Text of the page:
This desire doesn’t have to be something simple or fulfilled with a single action. It can be a complicated first step like Kaz’s. What matters is that it relates to the achievement of the ultimate goal, but is something your character is working actively toward in their very first chapter, before the catalyst launches the story. This is your character’s status quo.

Identify this goal for all of your point of view characters.

  1.     What does your character care about?

Sometimes, this will be evident from your protagonist’s goals. But if not, identify something your character currently possesses for which they care desperately. You need to give them something to lose (whether or not they do over the course of the story). This will also help invest your reader in your character’s plight.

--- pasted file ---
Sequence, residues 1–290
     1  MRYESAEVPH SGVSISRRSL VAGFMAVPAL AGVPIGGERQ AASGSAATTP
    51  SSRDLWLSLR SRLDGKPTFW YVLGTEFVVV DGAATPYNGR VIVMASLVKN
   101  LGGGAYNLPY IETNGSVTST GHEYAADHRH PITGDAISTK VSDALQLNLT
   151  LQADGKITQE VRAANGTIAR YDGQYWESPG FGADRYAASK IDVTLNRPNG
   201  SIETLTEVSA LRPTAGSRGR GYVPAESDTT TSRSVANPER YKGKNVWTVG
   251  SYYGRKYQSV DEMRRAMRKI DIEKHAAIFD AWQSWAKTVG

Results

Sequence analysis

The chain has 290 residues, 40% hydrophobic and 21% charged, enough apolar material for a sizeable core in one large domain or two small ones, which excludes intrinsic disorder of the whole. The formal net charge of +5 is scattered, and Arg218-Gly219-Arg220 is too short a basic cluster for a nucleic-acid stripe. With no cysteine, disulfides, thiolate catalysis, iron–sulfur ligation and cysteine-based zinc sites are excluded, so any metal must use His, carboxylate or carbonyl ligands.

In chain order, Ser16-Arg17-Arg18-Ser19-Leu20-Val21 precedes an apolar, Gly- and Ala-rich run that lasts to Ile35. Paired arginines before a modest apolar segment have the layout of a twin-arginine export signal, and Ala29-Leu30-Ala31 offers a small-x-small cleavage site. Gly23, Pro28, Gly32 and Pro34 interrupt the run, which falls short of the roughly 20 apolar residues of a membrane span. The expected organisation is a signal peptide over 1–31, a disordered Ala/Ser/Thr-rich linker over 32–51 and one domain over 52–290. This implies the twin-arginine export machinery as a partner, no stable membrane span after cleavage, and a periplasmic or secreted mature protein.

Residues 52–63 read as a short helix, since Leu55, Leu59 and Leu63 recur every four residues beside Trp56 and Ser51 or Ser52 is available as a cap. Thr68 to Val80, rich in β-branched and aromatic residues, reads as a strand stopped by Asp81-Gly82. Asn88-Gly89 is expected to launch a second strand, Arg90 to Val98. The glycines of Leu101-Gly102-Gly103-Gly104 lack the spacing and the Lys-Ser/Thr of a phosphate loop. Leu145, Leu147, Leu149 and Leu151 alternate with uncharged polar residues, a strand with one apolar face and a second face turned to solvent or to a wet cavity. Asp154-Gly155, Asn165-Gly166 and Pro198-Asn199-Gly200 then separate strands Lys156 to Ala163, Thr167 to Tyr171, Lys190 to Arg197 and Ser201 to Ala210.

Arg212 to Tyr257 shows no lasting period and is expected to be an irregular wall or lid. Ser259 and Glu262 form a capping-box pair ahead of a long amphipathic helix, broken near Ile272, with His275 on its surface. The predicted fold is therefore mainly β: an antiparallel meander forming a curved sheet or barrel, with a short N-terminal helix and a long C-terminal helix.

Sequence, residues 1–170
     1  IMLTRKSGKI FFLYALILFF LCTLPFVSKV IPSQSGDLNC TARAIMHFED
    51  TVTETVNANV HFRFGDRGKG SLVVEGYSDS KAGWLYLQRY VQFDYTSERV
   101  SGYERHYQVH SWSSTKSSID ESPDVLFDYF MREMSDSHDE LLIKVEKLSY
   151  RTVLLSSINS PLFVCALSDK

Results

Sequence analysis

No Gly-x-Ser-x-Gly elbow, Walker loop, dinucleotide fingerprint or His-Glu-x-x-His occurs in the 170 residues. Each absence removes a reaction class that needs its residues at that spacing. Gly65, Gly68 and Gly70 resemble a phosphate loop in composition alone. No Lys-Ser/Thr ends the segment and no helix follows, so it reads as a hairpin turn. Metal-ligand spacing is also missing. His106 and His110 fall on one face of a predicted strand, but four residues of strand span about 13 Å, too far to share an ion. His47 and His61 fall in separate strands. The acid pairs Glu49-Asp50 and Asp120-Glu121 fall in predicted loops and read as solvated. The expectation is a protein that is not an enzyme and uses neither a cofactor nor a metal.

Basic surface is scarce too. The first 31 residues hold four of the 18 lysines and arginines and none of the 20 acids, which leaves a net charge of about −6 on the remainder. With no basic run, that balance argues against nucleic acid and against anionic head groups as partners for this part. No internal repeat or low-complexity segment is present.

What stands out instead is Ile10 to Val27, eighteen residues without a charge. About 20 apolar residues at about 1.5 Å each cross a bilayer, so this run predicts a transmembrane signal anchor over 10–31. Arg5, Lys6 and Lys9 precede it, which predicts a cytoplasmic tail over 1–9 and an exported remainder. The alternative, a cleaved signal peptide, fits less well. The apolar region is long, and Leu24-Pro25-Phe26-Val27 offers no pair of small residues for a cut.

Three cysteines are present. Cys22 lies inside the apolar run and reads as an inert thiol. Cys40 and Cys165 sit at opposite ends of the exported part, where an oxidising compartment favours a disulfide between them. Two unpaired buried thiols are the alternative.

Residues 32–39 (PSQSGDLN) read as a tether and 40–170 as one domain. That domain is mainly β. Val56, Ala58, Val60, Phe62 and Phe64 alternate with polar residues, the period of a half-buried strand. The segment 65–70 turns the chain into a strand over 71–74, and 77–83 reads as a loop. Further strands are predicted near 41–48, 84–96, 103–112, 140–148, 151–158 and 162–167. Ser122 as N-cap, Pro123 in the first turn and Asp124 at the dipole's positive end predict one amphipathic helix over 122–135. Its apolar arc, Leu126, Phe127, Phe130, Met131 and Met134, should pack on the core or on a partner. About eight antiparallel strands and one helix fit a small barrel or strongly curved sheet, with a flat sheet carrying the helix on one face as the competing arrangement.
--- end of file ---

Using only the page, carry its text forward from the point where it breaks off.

Example: We can tell from their early scenes that Kaz cares about Inej’s well-being.

Craft your set-up

I use a beat sheet method known as Save the Cat, which breaks the first act into three sections: set-up, catalyst, and debate. Now that you have your goals, you can successfully outline the set-up section of your novel.

Your character’s first scene and introduction should be them in active pursuit of their short-term goal, not them just going about their daily lives. Open your story with goal and conflict! This immerses your reader into the story.

Example: Kaz’s opening scene (through Inej’s point of view) introduces us to his character and the brutal methods he uses to secure his gang’s power.

I typically allow a set-up to have between 1-2 chapters per point of view character. This gives you enough time to open with a strong scene of your protagonist in pursuit of their short-term goal, explain to the reader the long-term goal and why that is, for now, in the far off future, and show the reader what your character currently has that they could potentially lose.